In Chapter 5, Xiao and Wen explore the sound transmission loss (STL) behavior of metamaterial thin plates with locally resonant spring-mass resonators. Two analytical methods are developed for the calculation of normal/oblique incidence STL and diffuse-field STL. One is known as the plane wave expansion method; the other one is an effective medium method. Predictions by the two methods show very good agreement in the subwavelength frequency region. It is demonstrated that a metamaterial plate can achieve a much higher STL than a bare plate (with the same surface mass density) at frequencies within the mass-law region and the coincidence region. It is also shown that the frequency band with high STL in a metamaterial plate can be broadened remarkably by replacing a single resonator with multiple damped smaller-mass resonators.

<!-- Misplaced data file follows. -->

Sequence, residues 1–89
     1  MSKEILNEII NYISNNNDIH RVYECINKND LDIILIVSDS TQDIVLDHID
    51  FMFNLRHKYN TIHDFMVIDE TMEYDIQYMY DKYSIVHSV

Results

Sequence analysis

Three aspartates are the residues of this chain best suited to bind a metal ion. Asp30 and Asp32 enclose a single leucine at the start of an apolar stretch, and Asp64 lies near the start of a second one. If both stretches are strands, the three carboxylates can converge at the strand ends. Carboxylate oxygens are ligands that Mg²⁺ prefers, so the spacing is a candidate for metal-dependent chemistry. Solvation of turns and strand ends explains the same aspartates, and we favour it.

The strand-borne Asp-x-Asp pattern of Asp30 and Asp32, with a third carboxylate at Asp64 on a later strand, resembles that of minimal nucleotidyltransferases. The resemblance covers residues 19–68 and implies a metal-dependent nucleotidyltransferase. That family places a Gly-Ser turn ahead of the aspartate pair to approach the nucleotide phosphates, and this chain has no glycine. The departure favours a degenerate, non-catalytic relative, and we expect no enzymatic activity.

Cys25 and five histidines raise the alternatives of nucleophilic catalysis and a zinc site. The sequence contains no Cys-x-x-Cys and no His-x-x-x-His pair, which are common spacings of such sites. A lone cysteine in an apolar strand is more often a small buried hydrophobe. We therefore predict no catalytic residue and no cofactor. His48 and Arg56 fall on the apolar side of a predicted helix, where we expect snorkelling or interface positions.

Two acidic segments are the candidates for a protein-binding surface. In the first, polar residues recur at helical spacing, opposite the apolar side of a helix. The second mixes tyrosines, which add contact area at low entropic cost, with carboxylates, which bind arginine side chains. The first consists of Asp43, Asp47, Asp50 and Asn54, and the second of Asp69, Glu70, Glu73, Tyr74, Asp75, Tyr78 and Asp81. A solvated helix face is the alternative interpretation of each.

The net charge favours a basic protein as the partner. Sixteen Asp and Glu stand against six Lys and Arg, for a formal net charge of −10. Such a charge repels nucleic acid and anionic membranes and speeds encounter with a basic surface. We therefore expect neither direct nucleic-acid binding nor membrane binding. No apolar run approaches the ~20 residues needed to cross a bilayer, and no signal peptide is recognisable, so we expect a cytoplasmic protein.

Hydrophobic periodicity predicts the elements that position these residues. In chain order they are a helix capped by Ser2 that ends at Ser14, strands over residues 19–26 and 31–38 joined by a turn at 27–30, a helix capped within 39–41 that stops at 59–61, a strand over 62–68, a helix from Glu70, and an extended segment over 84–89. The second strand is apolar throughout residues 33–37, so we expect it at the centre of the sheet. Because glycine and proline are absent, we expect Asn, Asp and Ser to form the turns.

In Chapter 6, Pai presents theories and guidelines for design of one- and two-dimensional metamaterial structures based on multifrequency vibration absorbers for absorption of broadband transverse waves. Each of the proposed metamaterial structures consists of a uniform isotropic beam/plate and small multimass subsystems at distributed locations over the structure to act as multifrequency vibration absorbers. For an infinite metamaterial structure, governing equations of a unit cell are derived using the extended Hamilton principle. For a finite metamaterial beam/plate, because these two methods cannot account for the influences of the boundary conditions and transient vibrations, full-size finite-element modeling and analysis are performed. The concepts of negative effective mass and stiffness and how absorber subsystems create two stopbands are explained in detail. Numerical simulations reveal that the actual working mechanism of the proposed metamaterial structures is based on the concept of conventional mechanical vibration absorbers. A set of guidelines for the design of wide- and multistopband metamaterials is provided at the end.